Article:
Home » All Recipes » Soup & Stew » Udon with Onsen Tamago
| | | | | |

Udon with Onsen Tamago

Jump to Recipe Rate & Review

This post may contain affiliate links. Please read my disclosure policy for details.

Enjoy an effortless lunch or dinner with this simple Udon with Onsen Tamago that simply comes together in less than 30 minutes.

udon with onsen tamago

It is starting to rain a lot these days and a bowl of noodle soup sounds great in this weather. This reminds me of sanuki udon I had during my travel to Japan. Just imagine indulging with a bowl of steaming hot savory broth with slurpy noodles makes me craving for them again.

I had actually posted Beef Udon recipe that looks and tastes similar to the one I had in Japan. It was so good that I decided to use the same broth for this recipe. Instead of stir-fry beef, I use onsen tamago for the protein, making this dish a simple and light noodle soup recipe that you can enjoy all the time.

Do not slight how simple this dish is. It has a complex umami flavor from the dashi broth and a range of textures of chewy noodles, melty custardy egg, and crunchy green onions. All combined creates a simple and hearty meal to warm the soul.

About Onsen Tamago

Onsen means hot spring and tamago means eggs in Japanese. Therefore, onsen tamago literally means ‘hot spring eggs’. It is basically a soft-cooked egg that is prepared in hot spring water to create silky egg whites and custard-like yolk. To describe, it looks like a poached egg but cooked with its shell.

The main characteristic of onsen tamago is that the egg white is softer than the egg yolk, while the egg yolk is slightly firm but still has the creamy texture. It is basically the complete opposite of a soft boiled egg that has firm white and soft egg yolk.

onsen tamago

Traditionally, it is made by cooking the eggs in hot geothermal spa water. But let me tell you how you can make this delicious egg recipe at home.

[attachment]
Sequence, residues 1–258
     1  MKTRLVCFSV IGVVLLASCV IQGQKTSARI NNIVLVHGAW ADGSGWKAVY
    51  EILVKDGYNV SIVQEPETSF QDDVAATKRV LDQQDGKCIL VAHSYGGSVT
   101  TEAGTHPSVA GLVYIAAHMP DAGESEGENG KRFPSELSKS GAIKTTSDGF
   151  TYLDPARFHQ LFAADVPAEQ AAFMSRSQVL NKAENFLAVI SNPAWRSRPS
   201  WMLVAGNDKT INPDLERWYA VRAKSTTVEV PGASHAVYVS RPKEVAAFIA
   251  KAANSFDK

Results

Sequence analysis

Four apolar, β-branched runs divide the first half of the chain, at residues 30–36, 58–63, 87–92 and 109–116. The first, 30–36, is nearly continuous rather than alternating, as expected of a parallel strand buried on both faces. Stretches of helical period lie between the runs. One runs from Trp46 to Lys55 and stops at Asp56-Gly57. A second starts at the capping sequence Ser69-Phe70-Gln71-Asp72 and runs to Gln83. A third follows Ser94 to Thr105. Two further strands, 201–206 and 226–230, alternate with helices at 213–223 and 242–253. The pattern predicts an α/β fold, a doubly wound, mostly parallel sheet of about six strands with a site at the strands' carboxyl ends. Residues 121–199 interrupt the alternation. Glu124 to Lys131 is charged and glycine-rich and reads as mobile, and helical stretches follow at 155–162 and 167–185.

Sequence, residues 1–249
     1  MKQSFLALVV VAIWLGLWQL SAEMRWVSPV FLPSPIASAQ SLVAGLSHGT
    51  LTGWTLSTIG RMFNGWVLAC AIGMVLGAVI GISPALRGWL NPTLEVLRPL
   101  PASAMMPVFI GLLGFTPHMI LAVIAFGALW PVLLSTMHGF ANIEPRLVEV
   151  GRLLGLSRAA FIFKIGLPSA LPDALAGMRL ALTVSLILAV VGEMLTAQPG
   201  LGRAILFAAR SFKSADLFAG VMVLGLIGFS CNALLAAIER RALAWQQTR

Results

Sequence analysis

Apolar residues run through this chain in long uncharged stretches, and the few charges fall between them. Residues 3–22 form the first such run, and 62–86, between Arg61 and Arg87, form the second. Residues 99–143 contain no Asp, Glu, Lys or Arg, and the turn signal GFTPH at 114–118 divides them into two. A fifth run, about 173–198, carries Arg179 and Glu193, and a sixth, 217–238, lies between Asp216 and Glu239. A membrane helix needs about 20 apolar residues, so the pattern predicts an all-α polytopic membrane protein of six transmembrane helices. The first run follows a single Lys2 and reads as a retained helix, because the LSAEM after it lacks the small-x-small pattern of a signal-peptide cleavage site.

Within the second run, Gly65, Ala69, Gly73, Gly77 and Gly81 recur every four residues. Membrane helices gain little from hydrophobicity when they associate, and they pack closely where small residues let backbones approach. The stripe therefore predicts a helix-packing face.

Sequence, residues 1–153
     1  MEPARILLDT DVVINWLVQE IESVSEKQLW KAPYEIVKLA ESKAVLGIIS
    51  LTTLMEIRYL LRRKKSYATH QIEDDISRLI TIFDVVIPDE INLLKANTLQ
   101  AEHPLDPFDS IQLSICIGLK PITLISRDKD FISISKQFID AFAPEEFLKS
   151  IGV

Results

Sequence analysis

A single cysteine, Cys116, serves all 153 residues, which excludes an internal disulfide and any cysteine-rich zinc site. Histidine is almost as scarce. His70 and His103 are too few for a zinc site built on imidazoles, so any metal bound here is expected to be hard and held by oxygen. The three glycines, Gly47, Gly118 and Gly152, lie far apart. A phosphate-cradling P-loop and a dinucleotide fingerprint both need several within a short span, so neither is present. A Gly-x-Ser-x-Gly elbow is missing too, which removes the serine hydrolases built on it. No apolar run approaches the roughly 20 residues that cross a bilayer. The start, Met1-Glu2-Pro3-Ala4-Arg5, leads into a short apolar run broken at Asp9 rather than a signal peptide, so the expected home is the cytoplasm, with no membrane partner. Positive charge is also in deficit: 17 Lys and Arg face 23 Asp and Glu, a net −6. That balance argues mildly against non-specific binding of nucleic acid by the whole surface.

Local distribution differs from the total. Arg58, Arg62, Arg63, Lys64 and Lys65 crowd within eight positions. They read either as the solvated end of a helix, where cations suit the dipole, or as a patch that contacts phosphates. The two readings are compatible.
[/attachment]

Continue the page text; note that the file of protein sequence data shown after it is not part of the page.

Tips for Making Onsen Tamago Perfectly

You should be able to find dry, fresh, or frozen udon at the Asian supermarket. It is similar to cooking spaghetti. Meanwhile, we only need to mix dashi with some basic seasonings for the broth. Dashi is a Japanese fish stock that gives Japanese food its unique, rich, umami-packed savory flavor. The simple version of dashi is made by heating water containing kombu (kelp) and katsuoboshi shavings (bonito flakes). The deep umami flavor is what sets dashi apart from other stocks and there is no substitute for it. Instant dashi is the most convenient method to produce a pretty flavorful soup stock. Especially if you are short on time or too lazy to make the stock yourself, dashi powder can come in handy. Therefore, the crucial part of making this recipe is to nail the onsen tamago perfectly.

1. Follow the recipe

If you follow the recipe precisely, you should be able to achieve the perfect onsen tamago as the final result. If there is not enough water, or the pot is too small for the number of eggs, or you increase or reduce the number of eggs, it will probably not work as the water temperature will change.